A tax dispute between Intel and the Internal Revenue Service could cost large technology companies billions of dollars, according to a report by The Wall Street Journal.
Altera Corp, acquired by Intel, which inherited the case, sued the IRS in 2012. The lawsuit was over a 2003 regulation that gave specific instructions on how companies have to account for equity compensation and stock that they pay to workers when figuring out cost balances between a parent company and its foreign counterpart. Altera said the IRS was overstepping its authority in the matter.
The case has been rolling along for years, and the latest ruling was in June. Since then more than 20 companies have revealed how they think the case could affect them financially.
Facebook disclosed a $1.1 billion tax expense due to the case, and Alphabet turned around on a $418 million benefit. Companies like Twitter, Lam Research and Symantec all said they would be affected for at least $50 million.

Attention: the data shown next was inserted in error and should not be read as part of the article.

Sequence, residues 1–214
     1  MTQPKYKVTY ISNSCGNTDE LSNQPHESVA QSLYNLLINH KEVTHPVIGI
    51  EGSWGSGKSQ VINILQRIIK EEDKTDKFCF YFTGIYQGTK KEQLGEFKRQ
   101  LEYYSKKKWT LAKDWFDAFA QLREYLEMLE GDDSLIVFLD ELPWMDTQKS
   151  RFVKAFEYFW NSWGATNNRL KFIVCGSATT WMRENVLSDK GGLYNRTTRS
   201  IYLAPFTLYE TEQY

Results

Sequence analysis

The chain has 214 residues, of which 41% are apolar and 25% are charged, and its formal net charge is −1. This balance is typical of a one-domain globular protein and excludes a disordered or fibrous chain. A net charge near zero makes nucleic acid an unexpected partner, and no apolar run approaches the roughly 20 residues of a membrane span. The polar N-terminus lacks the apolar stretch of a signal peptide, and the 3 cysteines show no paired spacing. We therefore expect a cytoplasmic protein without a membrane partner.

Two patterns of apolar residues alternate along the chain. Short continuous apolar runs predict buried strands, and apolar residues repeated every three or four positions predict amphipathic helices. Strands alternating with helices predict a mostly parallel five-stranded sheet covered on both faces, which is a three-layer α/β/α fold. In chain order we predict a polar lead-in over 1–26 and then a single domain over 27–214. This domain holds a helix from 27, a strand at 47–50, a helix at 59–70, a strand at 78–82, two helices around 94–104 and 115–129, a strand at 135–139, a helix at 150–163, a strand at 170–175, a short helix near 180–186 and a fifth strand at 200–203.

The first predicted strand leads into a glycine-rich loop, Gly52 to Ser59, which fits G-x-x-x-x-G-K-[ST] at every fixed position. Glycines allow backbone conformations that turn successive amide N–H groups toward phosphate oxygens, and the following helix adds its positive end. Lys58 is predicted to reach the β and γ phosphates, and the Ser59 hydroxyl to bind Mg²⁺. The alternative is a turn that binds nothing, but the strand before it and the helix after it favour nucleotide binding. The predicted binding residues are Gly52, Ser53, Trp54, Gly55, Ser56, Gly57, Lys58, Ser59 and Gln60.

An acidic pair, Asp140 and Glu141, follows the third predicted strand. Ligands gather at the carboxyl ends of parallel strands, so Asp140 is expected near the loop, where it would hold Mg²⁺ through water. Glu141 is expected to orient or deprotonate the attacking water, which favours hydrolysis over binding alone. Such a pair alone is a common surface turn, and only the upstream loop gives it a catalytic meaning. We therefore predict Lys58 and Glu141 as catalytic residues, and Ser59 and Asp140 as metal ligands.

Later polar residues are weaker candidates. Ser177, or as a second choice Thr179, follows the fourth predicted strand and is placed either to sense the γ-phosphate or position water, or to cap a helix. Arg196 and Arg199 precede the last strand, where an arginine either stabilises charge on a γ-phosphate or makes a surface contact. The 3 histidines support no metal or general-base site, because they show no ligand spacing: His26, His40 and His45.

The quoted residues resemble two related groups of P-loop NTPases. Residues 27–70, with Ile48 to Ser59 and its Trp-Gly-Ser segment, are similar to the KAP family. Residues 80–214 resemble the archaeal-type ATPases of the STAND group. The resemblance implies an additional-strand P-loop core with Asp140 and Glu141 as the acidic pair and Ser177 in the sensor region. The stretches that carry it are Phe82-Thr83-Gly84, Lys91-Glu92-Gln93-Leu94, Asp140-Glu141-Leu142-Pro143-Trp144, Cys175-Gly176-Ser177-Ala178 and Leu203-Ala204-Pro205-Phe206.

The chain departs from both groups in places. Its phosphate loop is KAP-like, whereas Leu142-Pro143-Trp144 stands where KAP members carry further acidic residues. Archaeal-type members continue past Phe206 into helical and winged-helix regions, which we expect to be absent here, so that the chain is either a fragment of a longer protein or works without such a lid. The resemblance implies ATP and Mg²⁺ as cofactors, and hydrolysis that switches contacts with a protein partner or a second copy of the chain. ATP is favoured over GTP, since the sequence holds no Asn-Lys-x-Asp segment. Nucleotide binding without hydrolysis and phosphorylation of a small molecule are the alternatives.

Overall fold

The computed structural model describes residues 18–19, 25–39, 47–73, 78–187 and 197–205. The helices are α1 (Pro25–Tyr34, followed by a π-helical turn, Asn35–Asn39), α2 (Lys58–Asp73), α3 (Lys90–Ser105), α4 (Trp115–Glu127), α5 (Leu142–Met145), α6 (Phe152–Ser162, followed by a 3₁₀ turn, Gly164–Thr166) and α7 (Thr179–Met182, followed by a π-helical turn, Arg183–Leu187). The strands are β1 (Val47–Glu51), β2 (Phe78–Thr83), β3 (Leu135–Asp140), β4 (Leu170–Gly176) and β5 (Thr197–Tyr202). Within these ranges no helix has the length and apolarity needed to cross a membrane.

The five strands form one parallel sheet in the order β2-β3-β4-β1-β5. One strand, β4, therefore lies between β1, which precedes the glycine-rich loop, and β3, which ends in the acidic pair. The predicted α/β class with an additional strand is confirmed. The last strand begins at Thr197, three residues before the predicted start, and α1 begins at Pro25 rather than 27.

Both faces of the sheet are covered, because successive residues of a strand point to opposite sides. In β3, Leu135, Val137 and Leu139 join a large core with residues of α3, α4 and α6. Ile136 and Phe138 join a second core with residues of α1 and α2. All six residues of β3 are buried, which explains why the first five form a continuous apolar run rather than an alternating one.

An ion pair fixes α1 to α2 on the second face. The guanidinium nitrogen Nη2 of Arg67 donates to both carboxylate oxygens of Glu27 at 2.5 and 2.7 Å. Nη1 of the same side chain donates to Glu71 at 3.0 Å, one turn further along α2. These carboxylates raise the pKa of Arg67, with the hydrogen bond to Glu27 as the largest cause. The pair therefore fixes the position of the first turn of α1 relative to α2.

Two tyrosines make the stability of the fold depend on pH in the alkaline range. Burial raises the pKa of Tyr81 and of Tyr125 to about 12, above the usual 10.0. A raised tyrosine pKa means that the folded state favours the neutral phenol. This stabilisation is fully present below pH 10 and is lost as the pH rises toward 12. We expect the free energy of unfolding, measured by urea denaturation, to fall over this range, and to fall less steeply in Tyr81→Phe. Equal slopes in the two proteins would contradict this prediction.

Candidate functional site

Right now a federal appeals court in San Francisco is looking over the ruling to decide if there will be another hearing.
The case hinges on the fact that global companies get the greatest benefits from assigning as much as possible, including stock-related compensation, to U.S. operations, so they can claim a business-expense deduction, which saves money.
In other countries, reporting lower costs means lower tax rates, which was fortuitous for many companies, especially before a 2017 tax overhaul that closed the gap between the rates.
The 2003 rule made it mandatory for companies to share the costs with foreign subsidiaries more equally. Some companies were upset over the way they had to calculate the difference, which would be done by figuring out how much they would have to pay a company that was unrelated for similar services.
The regulation hit Altera hard, and its taxable income increased $80 million through four years. Altera received a favorable judgement in 2015, but it was overturned in 2018. However, the ruling was withdrawn over the death of a judge who made the decision. In June, a new panel re-affirmed the previous decision.
Intel has appealed that decision, and if that fails, it could also appeal to the U.S. Supreme Court.